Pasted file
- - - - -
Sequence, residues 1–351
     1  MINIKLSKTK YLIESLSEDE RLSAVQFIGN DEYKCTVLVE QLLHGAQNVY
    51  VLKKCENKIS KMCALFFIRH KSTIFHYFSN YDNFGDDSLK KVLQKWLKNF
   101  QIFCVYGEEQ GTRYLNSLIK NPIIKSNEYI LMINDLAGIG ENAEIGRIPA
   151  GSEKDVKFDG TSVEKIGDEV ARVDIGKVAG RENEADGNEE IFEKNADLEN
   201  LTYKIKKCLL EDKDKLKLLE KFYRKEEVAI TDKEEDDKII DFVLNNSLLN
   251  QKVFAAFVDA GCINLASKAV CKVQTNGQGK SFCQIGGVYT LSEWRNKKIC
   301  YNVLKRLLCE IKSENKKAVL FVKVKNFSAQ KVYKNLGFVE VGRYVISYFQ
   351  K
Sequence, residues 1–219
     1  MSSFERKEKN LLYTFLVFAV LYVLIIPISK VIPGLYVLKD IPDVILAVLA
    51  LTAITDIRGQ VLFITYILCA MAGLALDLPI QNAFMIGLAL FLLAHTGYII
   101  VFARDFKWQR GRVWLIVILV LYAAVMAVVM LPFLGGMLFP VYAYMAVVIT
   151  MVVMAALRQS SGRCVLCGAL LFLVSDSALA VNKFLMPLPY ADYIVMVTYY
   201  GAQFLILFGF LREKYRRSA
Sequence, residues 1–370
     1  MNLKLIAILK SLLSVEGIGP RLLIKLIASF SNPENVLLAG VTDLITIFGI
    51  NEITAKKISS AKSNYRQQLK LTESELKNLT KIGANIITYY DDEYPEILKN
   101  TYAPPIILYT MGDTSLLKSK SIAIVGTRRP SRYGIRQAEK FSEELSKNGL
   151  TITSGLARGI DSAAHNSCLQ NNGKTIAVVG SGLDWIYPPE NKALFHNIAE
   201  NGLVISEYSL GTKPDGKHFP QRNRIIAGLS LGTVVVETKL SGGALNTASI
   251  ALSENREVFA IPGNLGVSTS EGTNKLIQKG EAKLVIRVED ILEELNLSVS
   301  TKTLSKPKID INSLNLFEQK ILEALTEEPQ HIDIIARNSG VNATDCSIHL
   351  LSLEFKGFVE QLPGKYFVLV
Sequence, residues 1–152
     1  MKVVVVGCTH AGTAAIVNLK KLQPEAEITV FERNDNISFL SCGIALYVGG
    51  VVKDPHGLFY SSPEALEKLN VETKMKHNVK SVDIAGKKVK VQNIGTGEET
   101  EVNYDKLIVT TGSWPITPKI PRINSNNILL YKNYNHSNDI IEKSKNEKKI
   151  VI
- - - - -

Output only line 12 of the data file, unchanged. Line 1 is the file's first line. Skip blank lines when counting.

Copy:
    51  LTAITDIRGQ VLFITYILCA MAGLALDLPI QNAFMIGLAL FLLAHTGYII